The introduction of legislation to minimize packaging waste requires consumer goods manufacturers to use lighter-weight materials and increase the use of recycled materials. This is demanding that machinery manufacturers provide highly flexible machines and tooling capable of handling these materials and new package designs. However, the ability of manufacturers to achieve this is all but prevented by a lack of fundamental understanding of machine-material interactions and an ability to generate such understanding. One way to overcome this is to use advanced simulation tools to represent the whole system including machine, process, materials and product. A finite element-based simulation has been created to represent the in-process behaviour of a packing system. The simulation focuses on the critical transition between flattened and erected states of a carton. In order to successfully simulate such a complex process, there are a number of major challenges concerning the representation of packaging materials and their properties, changing material behaviour during processing, machinery simulation and process modelling (simulating the interfacial interactions that take place during processing). The application of the whole-system simulation for the purposes of improved design and operation are discussed with respect to four activities: design and setup of tooling, determination of optimal process settings, specification of material properties and the design of the pack. In all cases, a strong correlation was observed between the theoretical results and those obtained practically, thereby enabling quantitative understanding and quantitative rules to be generated.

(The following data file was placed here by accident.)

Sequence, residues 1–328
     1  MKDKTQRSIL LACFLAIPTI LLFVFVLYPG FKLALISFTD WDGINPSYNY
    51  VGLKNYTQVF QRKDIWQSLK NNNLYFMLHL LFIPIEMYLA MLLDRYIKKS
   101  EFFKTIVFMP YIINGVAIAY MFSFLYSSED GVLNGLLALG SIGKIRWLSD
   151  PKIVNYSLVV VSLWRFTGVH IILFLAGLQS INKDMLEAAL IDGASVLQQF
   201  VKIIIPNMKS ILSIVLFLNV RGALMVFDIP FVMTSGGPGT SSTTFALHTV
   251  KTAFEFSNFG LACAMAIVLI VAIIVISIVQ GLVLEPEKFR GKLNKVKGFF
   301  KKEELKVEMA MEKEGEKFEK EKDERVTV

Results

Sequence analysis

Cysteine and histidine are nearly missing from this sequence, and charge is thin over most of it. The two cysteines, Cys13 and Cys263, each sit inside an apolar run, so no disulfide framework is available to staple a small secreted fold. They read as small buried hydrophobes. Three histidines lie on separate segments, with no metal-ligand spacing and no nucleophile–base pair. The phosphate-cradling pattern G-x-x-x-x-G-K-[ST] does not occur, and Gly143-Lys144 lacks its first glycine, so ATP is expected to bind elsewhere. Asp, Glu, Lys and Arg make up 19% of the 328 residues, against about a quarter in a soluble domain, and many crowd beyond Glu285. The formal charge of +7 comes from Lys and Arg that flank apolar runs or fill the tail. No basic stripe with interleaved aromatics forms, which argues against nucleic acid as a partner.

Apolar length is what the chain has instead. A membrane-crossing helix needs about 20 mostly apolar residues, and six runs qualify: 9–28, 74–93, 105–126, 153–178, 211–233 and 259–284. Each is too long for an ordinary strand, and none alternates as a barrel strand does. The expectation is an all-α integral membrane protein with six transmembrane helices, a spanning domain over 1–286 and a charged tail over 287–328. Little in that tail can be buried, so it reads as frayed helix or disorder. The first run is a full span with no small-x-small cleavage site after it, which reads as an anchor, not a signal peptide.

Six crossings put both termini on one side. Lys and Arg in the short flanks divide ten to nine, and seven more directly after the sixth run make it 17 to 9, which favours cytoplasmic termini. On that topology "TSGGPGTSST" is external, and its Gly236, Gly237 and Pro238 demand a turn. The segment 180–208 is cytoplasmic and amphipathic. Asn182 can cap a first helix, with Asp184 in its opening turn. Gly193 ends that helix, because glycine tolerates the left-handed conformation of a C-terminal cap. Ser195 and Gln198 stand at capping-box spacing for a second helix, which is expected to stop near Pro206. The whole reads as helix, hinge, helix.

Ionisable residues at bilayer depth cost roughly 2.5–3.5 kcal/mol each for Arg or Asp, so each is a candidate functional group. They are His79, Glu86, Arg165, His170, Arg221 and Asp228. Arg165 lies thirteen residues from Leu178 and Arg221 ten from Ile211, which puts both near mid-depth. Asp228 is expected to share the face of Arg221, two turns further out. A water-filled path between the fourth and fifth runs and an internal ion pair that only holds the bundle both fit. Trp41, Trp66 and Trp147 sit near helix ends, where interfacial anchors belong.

- finite element analysis, packaging, cartonboard